How to save money on car insurance
- Most states require you to have car insurance (if you own or drive a car).
- Car insurance can be very expensive, but it does not have to be.
The spread for the of cost for car insurance is amazing. If you compare the price of car insurance from one company to another, you’d think their prices would be the same (ish), but they’re not. For the same coverage, I find there are large price differences from one company to another. This article will show you how to save money on car insurance.
Your car insurance is going to expire soon, and you need to renew it. Pick up the phone, or get on the internet. Search for the company with the lowest premium. When you do this, make sure you are talking the same coverage limits, liabilities, and deductible. You’ll, probably, be able to find a rate that is lower than what you are paying now.
The real savings come as you as you conform to certain standards.
Age and sex
Age and sex play a (big) part in determining the rate for your monthly premiums. There is nothing you can do about your age or sex. So, concentrate on what you can change and control—your lifestyle.
If you hang around this blog much; you’ll see I frequently refer to “lifestyle”. In order to get the lowest car insurance premiums you need to adhere to a set of rules. (Sorry about that, but it is life!) The insurance industry profiles. As I said above, your age and sex influence your premium cost, and if you have a public record as a risk-taker, you can bet the price goes up. However, there are some things you can do to get and keep a low rate. If you’ve already “blown it”, but make some permanent changes, then over time, you can improve your rate and save money on your insurance premiums too.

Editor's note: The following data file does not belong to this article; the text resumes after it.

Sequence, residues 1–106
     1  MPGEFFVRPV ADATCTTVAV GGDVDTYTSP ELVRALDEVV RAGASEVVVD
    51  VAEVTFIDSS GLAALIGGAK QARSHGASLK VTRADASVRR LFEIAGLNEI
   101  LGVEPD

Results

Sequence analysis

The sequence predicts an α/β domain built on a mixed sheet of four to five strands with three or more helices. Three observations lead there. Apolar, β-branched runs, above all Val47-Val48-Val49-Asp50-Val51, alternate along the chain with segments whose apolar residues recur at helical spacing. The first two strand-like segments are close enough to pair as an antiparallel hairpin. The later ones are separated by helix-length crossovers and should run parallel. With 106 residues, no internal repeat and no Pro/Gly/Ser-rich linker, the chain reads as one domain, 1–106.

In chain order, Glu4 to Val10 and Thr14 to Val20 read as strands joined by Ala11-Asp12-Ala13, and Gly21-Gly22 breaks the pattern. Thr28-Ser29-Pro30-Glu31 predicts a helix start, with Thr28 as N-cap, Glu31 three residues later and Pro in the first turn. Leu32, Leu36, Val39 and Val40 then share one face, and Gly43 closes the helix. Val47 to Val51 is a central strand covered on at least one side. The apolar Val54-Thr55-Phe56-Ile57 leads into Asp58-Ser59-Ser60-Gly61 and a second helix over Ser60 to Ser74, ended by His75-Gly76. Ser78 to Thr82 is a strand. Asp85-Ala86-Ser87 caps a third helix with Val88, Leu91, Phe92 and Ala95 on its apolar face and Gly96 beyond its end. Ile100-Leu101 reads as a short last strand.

It all starts with you
What does your driving record look like? Do you have a DUI, speeding tickets, moving violations, or an at-fault accident? If you do, you are a greater risk to insure than someone who has no history of speeding tickets or moving violations or at fault accidents. Face it: You’re dealing with an insurance company—a business. Their major interest is to turn a profit for their investors. For the same service, high risk drivers will pay more than a low risk drivers do. A lifestyle that will make you a lower risk driver lets you save money on car insurance.
Getting a DUI probably tops the list of things to not do. Driving while under the influence or while impaired is just wrong. There is never a good reason to drink and drive, or to drive while using drugs. Please—just don’t do it.
Speeding tickets and other moving violations
Because you have a driver’s license, its only fair to assume you know the law. It’s also fair to assume you wish to save money on your car insurance. So obey the speed limit, slowdown in school zones and construction sites, no more California stops (come to a completed stop at stop signs and traffic lights).